What Causes Fear?

Fear is a vital response to physical and emotional danger; it has strong roots in human evolution. If people didn’t feel fear, they couldn’t protect themselves from legitimate threats, which in the ancestral world frequently resulted in life-or-death consequences.

In the modern world, individuals often fear situations where the stakes are much lower, but their body and brain may still treat the threat as lethal. This can trigger an extreme, and often unnecessary, fight-flight-or-freeze response. As a result, people may find themselves avoiding challenges that could benefit them in the long run or hanging back during social interactions for no good reason.

When people today do face deadly or extreme danger, it can sometimes cause lingering trauma. These traumas can trigger a fear response that is hard to quell, even when the risk has passed.

How to Move Past Fear

In the past, human ancestors feared immediate danger, from volcano eruptions to hungry predators. Common fears today have more to do with the impression people make on others, as well as how judgments from others affect their self-worth. This hyper-focus on image may only be exacerbated by the rise of the internet and social media culture.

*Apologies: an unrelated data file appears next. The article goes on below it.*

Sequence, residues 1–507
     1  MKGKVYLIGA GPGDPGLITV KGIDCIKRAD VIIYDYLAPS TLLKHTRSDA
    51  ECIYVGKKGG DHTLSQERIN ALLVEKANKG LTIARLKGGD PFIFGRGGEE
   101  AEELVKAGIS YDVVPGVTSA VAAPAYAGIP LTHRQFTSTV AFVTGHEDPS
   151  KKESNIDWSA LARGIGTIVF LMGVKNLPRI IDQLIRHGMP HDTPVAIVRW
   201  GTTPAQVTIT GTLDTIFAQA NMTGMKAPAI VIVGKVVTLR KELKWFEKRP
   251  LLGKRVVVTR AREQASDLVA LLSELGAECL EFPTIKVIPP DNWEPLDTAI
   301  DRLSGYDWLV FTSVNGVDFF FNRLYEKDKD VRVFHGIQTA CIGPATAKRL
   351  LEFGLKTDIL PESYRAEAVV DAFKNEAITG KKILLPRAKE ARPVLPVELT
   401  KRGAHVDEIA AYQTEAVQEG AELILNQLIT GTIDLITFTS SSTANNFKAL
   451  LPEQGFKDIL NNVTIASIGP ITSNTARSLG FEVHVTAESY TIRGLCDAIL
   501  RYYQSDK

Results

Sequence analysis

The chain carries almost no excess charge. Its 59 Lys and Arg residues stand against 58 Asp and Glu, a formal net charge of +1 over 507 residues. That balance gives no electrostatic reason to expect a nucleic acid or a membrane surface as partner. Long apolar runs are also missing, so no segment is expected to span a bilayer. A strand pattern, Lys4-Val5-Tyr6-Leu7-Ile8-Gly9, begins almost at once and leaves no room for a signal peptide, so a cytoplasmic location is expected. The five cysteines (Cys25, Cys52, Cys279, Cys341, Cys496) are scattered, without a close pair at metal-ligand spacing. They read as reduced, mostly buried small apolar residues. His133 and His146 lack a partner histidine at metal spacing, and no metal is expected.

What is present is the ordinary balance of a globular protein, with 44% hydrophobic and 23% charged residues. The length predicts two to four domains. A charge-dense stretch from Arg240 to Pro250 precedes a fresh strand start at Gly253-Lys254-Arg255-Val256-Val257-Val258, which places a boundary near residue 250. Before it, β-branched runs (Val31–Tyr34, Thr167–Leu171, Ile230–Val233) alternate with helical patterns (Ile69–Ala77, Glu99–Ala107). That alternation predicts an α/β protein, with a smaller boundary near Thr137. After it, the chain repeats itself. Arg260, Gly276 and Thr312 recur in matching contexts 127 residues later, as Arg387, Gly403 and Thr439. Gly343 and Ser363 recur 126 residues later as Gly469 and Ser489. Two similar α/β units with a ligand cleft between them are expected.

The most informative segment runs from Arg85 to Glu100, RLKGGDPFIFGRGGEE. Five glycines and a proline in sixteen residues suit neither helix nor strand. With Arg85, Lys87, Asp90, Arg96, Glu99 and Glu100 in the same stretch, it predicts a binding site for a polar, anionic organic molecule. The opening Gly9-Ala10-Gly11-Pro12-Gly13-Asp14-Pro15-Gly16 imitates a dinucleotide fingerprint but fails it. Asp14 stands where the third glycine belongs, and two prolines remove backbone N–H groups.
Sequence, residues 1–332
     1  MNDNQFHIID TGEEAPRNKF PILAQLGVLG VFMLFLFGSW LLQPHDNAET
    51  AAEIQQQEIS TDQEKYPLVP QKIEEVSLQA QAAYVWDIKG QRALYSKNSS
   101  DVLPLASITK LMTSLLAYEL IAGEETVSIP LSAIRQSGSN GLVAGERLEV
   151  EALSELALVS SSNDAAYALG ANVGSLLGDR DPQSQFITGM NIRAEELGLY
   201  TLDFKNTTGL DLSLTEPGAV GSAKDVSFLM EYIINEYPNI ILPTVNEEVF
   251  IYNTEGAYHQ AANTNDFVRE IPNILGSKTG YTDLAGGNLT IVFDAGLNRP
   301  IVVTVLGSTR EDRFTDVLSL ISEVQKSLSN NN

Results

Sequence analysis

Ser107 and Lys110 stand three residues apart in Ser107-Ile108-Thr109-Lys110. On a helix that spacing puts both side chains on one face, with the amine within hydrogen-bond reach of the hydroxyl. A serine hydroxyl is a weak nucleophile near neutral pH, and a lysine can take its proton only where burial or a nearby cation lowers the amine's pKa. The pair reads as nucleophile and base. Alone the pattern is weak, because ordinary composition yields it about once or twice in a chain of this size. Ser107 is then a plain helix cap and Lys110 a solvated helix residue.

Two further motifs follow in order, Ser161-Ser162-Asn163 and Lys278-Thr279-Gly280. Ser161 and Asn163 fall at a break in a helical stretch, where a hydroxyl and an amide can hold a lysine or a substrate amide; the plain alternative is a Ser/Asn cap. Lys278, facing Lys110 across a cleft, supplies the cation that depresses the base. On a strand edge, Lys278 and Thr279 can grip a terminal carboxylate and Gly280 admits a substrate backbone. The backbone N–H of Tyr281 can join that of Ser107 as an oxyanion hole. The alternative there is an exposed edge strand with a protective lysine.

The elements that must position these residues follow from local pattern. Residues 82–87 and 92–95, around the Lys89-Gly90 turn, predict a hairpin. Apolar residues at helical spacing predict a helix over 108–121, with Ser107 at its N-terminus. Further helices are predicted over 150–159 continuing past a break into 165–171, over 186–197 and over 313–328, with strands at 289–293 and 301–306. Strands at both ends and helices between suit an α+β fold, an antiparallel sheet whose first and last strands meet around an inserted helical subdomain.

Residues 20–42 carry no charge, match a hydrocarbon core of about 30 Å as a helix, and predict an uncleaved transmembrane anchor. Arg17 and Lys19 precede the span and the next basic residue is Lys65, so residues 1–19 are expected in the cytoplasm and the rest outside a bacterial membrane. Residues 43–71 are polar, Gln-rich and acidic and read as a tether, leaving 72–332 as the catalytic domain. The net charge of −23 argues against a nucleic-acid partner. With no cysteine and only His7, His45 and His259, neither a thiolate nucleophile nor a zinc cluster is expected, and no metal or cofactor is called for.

Managing fears in today's world can be confusing when they don't necessarily correlate with a clear or obvious danger. If fear is overtaking an individual's life, pursuing therapy can help. A qualified therapist can help a patient find ways to let go of fears, develop coping mechanisms, and look for positivity in fear-inducing situations.

n cases of severe trauma, sexual or otherwise, therapy is likely the best option. But formal therapy isn't always necessary; in many cases, gradual exposure to the object of one's fear can be the best way to move past it.


Anxiety, Therapy, Trauma

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